A Phuture Phoenix Look Back

By Emmy Wolfe, Hailey Oskey & Caelyn Jischke


First Phuture Phoenix is in the books with no COVID-19 protocols.

Phuture Phoenix event logo.

With the first Phuture Phoenix with no COVID-19 protocols in the past, it is time to take a look back at how it went and what has changed since the previous Phuture Phoenix event in 2022. This year was a Phuture Phoenix everyone has been waiting and hoping for. With the past Phuture Phoenix being under COVID-19 protocol, it was nice to have a year where things seemed to be back to normal. Director of Phuture Phoenix, Mary Sue Lavin, commented, “The process was a little different in that we had the fifth graders come in the spring, rather than the fall. If you recall, we were still masking and social distancing in the fall. Schools were not allowing students to ride buses in close quarters, and we literally had no place to put that many students, socially distanced here on campus. ​The university is also researching and discussing safety measures for minors on campus. Because of this, we asked the classroom teacher to stay with their whole class group instead of allowing fifth graders to take off in small groups with role models. Another big change this year was using the Kress as a kick-off point, rather than the Weidner Center.”

Phuture Phoenix buddies taking their group to academic buildings. Pictured by UWGB.

With COVID-19 protocols being changed, fifth-graders were allowed back on campus, making University of Wisconsin-Green Bay students buddies again. For Payton Heinberg, this is his second time being a Phuture Phoenix buddy, “It was a great experience! It is so awesome to get to show people who are excited about campus why I love this place. The energy the fifth-graders bring to campus is unmatched and getting to show them what college is like is a super cool opportunity. Getting to see them light up when walking through buildings was so rewarding and made the whole two-day process worth it!” Heinberg was a tour guide for a group of fifth-graders. “The students that went on the tour expressed that they were amazed at what campus had to offer and that they couldn’t wait to come back another time,” Heinberg added.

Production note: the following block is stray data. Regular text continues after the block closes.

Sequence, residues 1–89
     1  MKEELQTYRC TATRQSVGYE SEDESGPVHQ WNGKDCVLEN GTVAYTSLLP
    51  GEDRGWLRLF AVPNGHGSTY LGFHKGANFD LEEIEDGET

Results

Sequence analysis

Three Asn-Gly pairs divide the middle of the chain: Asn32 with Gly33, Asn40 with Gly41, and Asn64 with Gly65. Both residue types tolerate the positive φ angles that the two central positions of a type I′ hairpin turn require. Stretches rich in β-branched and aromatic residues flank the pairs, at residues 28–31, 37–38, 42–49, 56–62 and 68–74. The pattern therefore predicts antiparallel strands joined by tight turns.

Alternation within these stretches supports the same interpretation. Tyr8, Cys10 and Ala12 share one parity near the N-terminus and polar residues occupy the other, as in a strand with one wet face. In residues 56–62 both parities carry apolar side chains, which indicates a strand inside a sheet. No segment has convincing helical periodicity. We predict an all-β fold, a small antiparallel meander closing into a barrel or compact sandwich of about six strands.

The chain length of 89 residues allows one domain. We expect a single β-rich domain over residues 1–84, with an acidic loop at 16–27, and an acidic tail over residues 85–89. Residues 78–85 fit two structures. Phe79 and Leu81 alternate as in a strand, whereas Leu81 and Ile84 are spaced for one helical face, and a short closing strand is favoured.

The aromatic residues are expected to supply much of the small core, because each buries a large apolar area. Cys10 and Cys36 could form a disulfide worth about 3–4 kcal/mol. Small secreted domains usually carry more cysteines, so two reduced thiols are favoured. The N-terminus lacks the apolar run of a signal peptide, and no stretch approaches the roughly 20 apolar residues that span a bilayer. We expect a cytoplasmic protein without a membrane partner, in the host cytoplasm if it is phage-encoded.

Phuture Phoenix group looking out from the Cofrin Library. Pictured by UWGB.

Looking back on this Phuture Phoenix, Mary Sue Lavin said, “The campus visit was very successful. We surveyed the role models and the classroom teachers. On a scale of 1-10, we achieved an average score of 7.8. There were many changes this year, and we are working to do a better job of communicating those changes, so there are no surprises for teachers.  We had many students talking about going to college and wanting to go to UWGB. We had the students do a classroom activity where they thought about what they were good at and how they could get better at things they liked. This activity was one that the students were able to take home and discuss with family. Probably the most difficult change for this year is that students couldn’t see residence life. We were asked not to bring students into the residence halls. This was early in the planning, so likely due to Covid, but certainly understandable. We did produce a video which all students were invited to watch.”

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